Luckily, my virtual buddy, the same guy (or chap, since he's a Brit) who gave his opinion on Spinal Tap's accent had some things to say about English in Germany, a couple months before the NYTimes article came out:

Some observers would comment that this is part of the reason that most language gets mistranslated in Germany. The German constitution says that the official language is German, but the gradual anglification of German is almost unilateral. In those same government buildings you see signs saying 'Restricted Area', IN ENGLISH... half the new buzzwords don't ever get translated into the country's official language... advertising slogans are English... colloquial German is constantly picking up new words for things, mostly in a colloquial English translation (entspannt=relaxed, Belastung=Stress, Gerechtigkeit=Fairneß, leicht=easy, Körperlotion=body lotion (pron. 'buddy lotion' (!))... the list could fill a quite a funny book. The other side of the coin is, though, that Germany is losing its culture through the laziness of people who should know better. Ask a German what 'marketing' means and they will tell you it means 'Marketing'. The same goes for 'training', 'management', and 'design' to name three more examples. All this when German is a beautiful language with extra exactitude that lends itself well to philosophy and technology, a language that has given English beautiful words like 'Zeitgeist', 'Gestalt', 'Angst'... it's a very unfair situation.

12.21.2004

Christmas activity

I was walking down Michigan Avenue and heard someone say, "I can't wait until Christmas is over. I'm so sick of this." He must've been experiencing advertising overload, in addition to the rest of the pre-Christmas frenzy. Isn't Christmas supposed to be a one-day holiday?

For those of you who have OD'd on Christmas, here's a little pun, which John Deaver sent me:

A group of chess enthusiasts checked into a hotel and were standing in the lobby discussing their recent tournament victories. After about an hour, the manager came out of the office and asked them to leave. "But why?" they asked, as they moved off.  "Because," he said, "I can't stand chess nuts boasting in an open foyer."

And if you are interested in getting some Christmas-related ESL help, check out this site.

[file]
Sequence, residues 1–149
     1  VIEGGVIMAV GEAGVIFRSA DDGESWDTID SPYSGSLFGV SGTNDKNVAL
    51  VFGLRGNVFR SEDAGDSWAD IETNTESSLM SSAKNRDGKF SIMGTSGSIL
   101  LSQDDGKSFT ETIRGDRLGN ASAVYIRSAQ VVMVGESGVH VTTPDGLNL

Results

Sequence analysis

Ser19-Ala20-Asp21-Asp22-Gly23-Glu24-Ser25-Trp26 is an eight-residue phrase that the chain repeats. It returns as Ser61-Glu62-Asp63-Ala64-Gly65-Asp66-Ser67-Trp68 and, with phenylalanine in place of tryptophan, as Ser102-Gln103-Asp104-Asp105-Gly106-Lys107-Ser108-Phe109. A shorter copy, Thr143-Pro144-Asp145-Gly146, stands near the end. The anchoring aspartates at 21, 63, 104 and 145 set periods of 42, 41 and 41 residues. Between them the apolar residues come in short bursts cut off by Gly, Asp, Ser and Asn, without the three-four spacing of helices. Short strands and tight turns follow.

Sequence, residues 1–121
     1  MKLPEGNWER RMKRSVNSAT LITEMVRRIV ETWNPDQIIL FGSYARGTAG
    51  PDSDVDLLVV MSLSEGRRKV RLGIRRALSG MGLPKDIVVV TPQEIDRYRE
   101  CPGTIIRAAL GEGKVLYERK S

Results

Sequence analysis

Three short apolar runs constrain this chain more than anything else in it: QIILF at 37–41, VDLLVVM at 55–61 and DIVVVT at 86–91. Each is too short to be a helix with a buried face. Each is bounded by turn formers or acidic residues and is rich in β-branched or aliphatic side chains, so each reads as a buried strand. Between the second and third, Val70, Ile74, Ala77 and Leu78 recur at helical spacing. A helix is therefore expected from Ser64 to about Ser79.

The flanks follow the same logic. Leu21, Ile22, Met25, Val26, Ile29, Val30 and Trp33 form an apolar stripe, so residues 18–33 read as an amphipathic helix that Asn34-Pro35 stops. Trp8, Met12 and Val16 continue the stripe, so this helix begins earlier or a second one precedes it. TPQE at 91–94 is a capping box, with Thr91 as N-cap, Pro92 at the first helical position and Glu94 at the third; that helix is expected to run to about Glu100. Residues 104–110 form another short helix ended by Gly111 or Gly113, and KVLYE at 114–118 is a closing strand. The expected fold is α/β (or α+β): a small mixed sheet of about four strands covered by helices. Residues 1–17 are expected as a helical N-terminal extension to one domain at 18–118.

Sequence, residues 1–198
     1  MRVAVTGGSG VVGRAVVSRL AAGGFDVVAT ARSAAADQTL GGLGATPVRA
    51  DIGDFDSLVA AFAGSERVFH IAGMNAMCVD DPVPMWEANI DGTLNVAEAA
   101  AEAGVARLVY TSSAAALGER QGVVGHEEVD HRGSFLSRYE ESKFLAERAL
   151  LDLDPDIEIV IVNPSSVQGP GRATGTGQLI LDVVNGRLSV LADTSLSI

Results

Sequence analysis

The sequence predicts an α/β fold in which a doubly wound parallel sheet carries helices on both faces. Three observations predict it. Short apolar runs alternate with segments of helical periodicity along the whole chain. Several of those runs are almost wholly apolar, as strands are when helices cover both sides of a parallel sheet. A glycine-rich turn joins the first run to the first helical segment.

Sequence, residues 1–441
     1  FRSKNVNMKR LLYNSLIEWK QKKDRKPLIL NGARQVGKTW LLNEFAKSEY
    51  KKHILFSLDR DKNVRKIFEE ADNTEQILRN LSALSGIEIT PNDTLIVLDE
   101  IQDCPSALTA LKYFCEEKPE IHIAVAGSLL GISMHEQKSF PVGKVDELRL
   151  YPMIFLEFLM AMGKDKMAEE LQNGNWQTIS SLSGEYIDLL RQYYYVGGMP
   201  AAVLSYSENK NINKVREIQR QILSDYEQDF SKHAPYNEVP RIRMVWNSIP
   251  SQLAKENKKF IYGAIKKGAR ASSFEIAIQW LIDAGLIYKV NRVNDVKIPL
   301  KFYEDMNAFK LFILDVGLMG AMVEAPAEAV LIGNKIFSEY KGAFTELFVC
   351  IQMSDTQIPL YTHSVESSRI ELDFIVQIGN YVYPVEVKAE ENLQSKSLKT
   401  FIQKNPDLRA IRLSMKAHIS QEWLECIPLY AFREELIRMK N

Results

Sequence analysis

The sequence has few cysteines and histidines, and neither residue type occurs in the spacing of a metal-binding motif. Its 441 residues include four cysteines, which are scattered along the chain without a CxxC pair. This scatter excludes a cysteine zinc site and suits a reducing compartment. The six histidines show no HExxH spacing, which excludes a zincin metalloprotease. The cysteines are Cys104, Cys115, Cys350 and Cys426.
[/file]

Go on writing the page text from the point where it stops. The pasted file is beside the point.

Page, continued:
12.20.2004

Word Jazz

It's just past midnight, which means that Word Jazz is on WBEZ. It's the trippy creation of Ken Nordine, whose voice you've probably heard in various commercials, including Tasters Choice ads that appeared a long time ago (forgot how long).

I stumbled upon Word Jazz a decade ago, when I was driving late at night, and I was spooked and confused. "Is this a mistake?" I wondered as I made my way down the yellow-lit Chicago streets. I kept listening, though, and am still sort of baffled.

12.18.2004

I knew it

They waited for the right time.

"Judith Regan, President and Publisher of ReganBooks, an imprint of HarperCollins Publishers, announced today that a deal has been signed with Amber Frey for a very personal and chilling memoir about her relationship with Scott Peterson, who was tried and convicted for the murders of his pregnant wife and unborn child."

12.17.2004

Capitalization rules for academic degrees

An ESL student asked me what the capitalization rules are for academic degrees. I couldn't find the answer in any of my books, so I looked online, and found a pretty decent answer at the University of Tampa site. Here are a couple of examples:

"He has a bachelor's degree in English, a master's in translation, and a doctorate in comparative literature."
(Note that none of them are capitalized.)

"Bachelor of Arts, Bachelor of Science"
(Note that they are capitalized.)

The site also has some other helpful examples, though keep in mind that it's the standardization they've chosen, which may not be true for other organizations.

12.16.2004

Kraftwerk interview

Well, I finished the transcript of the Kraftwerk interview. You can read it at the Kraftwerk fan site. Even though the interview was in English, I had to decifer a German word that Ralf Hutter used when he was talking about the West German radio station he listened to when he was young. It was Westdeutsche Rundfunk.